Skip to Main Content
It looks like you're using Internet Explorer 11 or older. This website works best with modern browsers such as the latest versions of Chrome, Firefox, Safari, and Edge. If you continue with this browser, you may see unexpected results.

Research Toolkit: Quickly evaluate a website

 Related Guides: Quickly Evaluate a Book, Quickly Evaluate an Article

 

Before you decide to use a website, take a few minutes to evaluate it for currency, relevance, authority, accuracy and purpose.

Criteria Questions to Ask Analysis

 


Currency

 

  • What is the “created date” for this site?

  • What is the “last update” date for this site?

  • Does it appear that this article is up-to-date? 

  • Every credible website includes the date that it was first created and the date of last update.
  • Ask yourself, do I need more current information than what is being presented on this website?

 

 
 
 
 
Relevance

 

  • Does the site thoroughly cover the subject matter?

  • Are there links to additional information?

  • Is the information relevant to the subject?

  • Sometimes, this is difficult to determine if you lack a background in the subject area.
  • Copyright laws prevent web authors from posting the same material found in print journals and books for free.
  • Sometimes, websites are designed for fun

 

 

 
 
 
Authority

 

  • What kind of site is this? (.com, .org,.edu. or .gov)

  • Who is responsible for the content on the site? (Author name or sponsor name)

  • Is there any indication the author or sponsor is an expert on this topic?

  • Does anyone review this site for accuracy/veracity?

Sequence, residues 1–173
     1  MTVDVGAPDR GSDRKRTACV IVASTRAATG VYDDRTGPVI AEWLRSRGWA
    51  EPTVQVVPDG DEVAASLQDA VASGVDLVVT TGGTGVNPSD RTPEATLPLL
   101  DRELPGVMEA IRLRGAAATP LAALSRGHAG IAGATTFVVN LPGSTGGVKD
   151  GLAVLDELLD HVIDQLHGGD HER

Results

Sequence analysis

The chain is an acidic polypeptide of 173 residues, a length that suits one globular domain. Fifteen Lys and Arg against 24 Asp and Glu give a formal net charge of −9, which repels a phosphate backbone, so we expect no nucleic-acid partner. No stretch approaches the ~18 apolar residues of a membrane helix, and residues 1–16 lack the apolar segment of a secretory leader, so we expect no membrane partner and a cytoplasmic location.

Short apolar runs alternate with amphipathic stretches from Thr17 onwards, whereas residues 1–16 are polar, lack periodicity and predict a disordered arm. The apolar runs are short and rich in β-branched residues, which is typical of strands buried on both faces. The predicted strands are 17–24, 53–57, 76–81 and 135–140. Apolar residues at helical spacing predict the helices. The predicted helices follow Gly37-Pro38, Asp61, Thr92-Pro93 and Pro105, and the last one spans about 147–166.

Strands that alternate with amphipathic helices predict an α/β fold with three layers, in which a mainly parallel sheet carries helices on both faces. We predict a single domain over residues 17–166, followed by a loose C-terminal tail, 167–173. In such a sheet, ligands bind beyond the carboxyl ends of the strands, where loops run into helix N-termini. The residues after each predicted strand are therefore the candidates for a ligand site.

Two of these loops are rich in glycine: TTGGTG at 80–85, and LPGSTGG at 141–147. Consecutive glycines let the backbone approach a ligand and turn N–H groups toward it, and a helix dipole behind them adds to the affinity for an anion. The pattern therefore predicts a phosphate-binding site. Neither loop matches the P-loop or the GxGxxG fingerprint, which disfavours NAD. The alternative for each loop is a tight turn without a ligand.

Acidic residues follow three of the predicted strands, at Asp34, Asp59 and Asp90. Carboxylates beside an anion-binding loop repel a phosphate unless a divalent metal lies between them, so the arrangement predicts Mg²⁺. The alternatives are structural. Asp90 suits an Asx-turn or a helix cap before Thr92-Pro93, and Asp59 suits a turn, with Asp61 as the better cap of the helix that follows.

Hints

  • Look at the About Us, FAQ, Philosophy, Biography links.
  • Look up the author in any search engine.
  • Look at the domain name: .edu, .com, .gov, .org, .net to provide clues about the group or entity providing the website.

  • Unfortunately, most websites do not provide an author.
  • Even when you find an author's name, no credentials are provided.
  • Sponsorship is not always given.

 

Accuracy

 

  • Do they provide references (citations) to the information?

  • Can you look up where the author found the information presented – are there links provided for this purpose?

  • Do you see any indication that edits, revisions, or retractions have been made?

  • There are no standards for checking the accuracy of websites. Anyone can publish on the web.
  • Unlike print sources, the web rarely has an editor or fact checker.
 
 
 
 
 
Purpose
  • Why was this written?(Entertain, Persuade or Inform)
  • Does the author/publisher make money off of this publication?

  • Does the article provide you with an abstract defining its purpose?

  • With the web, it is important to know who is providing the information so that you understand their point of view or bias.
  • Corporate websites always present themselves in the most positive light.
  • Information should always be accurate and documented